Large areas of Philippines towns and countryside were hit by the storms
The UN has appealed for $74m (£47m) to help flood victims in the Philippines.
UN humanitarian chief John Holmes said people there needed money for food, water, sanitation facilities, emergency shelter and health care.
Typhoon Ketsana left at least 300 people dead, and hundreds of thousands stranded. Typhoon Parma just over a week later caused further damage.
The Philippines has also said it will soon start importing rice to make up for the shortages caused by the storms.
The government usually imports large quantities of rice - the Philippines is the world's largest rice importer - but it is likely to begin importing it earlier than usual this year because so many crops have been damaged.
It traditionally imports from Thailand and Vietnam, although Vietnam was also hit by Typhoon Ketsana.
The Philippines will start its 2010 rice imports after a government panel determines the amount needed, the state's National Food Authority said - a process that could happen as early as this week.
But NFA spokesman Rex Estoperez warned consumers not to indulge in panic buying as supplies were adequate for the moment.
Philippines President Gloria Arroyo said food imports needed to be organised as soon as possible.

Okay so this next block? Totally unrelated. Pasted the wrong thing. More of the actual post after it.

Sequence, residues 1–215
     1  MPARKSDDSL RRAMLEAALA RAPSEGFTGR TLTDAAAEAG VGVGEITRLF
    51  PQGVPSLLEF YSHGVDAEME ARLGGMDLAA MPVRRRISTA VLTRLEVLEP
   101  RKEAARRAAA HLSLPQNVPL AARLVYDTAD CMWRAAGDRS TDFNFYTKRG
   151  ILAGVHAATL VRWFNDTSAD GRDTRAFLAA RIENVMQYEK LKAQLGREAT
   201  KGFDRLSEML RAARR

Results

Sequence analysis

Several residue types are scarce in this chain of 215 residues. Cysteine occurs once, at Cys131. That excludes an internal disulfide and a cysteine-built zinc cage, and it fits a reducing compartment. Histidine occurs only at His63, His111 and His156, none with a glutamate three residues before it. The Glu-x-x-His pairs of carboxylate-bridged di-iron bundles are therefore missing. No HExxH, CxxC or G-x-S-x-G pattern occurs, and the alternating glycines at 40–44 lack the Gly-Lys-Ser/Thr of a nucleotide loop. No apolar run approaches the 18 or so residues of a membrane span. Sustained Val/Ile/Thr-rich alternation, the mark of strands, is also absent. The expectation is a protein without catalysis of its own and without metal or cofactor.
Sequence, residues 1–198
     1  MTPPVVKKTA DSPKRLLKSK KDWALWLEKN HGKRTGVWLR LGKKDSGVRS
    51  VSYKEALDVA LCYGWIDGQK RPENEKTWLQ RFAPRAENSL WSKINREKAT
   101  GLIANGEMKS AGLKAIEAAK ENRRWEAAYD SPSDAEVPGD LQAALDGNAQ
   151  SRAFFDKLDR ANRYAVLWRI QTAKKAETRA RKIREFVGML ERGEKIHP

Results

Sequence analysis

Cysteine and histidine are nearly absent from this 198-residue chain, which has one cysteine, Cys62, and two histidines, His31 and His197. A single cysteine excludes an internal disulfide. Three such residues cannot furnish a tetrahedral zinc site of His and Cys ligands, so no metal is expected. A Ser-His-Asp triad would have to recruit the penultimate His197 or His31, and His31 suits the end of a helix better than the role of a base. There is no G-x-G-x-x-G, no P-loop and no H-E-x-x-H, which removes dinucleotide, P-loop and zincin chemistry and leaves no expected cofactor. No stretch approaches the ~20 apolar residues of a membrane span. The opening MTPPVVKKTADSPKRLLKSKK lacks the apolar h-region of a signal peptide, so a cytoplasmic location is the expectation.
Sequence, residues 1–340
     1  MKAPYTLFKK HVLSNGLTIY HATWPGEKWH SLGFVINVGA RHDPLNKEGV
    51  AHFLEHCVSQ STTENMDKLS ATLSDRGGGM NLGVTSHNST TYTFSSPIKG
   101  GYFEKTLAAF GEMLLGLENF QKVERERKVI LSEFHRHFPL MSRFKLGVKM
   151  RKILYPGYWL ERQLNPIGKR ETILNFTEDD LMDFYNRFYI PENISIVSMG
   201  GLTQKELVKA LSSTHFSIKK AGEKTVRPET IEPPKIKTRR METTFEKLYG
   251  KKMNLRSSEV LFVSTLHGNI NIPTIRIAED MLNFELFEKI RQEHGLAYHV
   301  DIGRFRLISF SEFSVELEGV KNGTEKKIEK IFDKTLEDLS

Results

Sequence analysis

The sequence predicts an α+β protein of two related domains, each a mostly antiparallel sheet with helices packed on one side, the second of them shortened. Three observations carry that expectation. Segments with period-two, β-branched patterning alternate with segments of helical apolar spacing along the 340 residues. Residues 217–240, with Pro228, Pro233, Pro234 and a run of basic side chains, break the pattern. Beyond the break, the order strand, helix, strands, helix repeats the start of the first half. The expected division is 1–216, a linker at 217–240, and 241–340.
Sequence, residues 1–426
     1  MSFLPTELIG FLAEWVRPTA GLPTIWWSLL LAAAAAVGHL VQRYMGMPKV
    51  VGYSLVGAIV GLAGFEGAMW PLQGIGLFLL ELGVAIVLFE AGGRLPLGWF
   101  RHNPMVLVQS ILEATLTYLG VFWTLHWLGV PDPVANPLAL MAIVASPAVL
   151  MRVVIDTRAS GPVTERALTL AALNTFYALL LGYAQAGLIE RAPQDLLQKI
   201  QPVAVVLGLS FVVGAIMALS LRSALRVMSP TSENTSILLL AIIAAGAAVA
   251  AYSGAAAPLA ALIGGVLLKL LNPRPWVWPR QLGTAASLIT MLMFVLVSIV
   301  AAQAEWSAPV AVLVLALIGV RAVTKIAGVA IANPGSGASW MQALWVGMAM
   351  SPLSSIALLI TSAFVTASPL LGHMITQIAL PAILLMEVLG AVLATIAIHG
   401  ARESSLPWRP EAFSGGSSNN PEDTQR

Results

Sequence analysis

Total damage from the storms in the Philippines to crops, mostly rice, has reached 7.63 billion pesos ($164 million), the agriculture department said.
When launching its appeal for help in the Philippines, the UN said about 500,000 people have fled their homes and are still living in emergency shelters.
The UN's Humanitarian Co-ordinator, John Holmes, said the challenge was not only to raise money for the Philippines.
"Until this recent series of disasters in the Asia Pacific region, including in Samoa, we haven't a huge major natural disasters," he said.
"So I hope the donors will have money in their back pocket for the end of the year for the Philippines and also perhaps for Indonesia, because we're also talking to the government there about what we can do to help them," said Mr Holmes.
Disaster agencies say they are overwhelmed by the scale of disaster
To jump-start the response, Mr Holmes said he had authorised an immediate allocation of $7m from the UN's Central Emergency Response Fund.
The appeal has already received between $9m and $10m, he said.
The US Agency for International Development is giving $1.8m.
President Barack Obama has sent "deep condolences for the loss of life and devastation caused by recent storms in the Philippines".
The World Food Programme said it was providing helicopters and dinghies.
"Many needy people live in areas that still remain inaccessible because of the widespread flooding," WFP's director in the Philippines Stephen Anderson said in a statement from the UN agency's Rome headquarters.
At least 16 hospitals, as well as rural and community health centres, were damaged, the World Health Organisation (WHO) said.
WHO spokesman Paul Garwood said the risk of disease was heightened by the damage to water and sanitation systems.
"There are fears of outbreaks of communicable diseases, as yet there have been no reported major outbreaks," he added.
Typhoon Ketsana hit Manila and surrounding areas on 26 September, causing the worst flooding in the capital in more than four decades.
Eight days later, Parma blew across the country's mountainous north, bringing more rain.
A third typhoon, Melor, blew into Philippine waters on Monday but shifted course and was heading toward southern Japan where it is expected to make landfall on Thursday.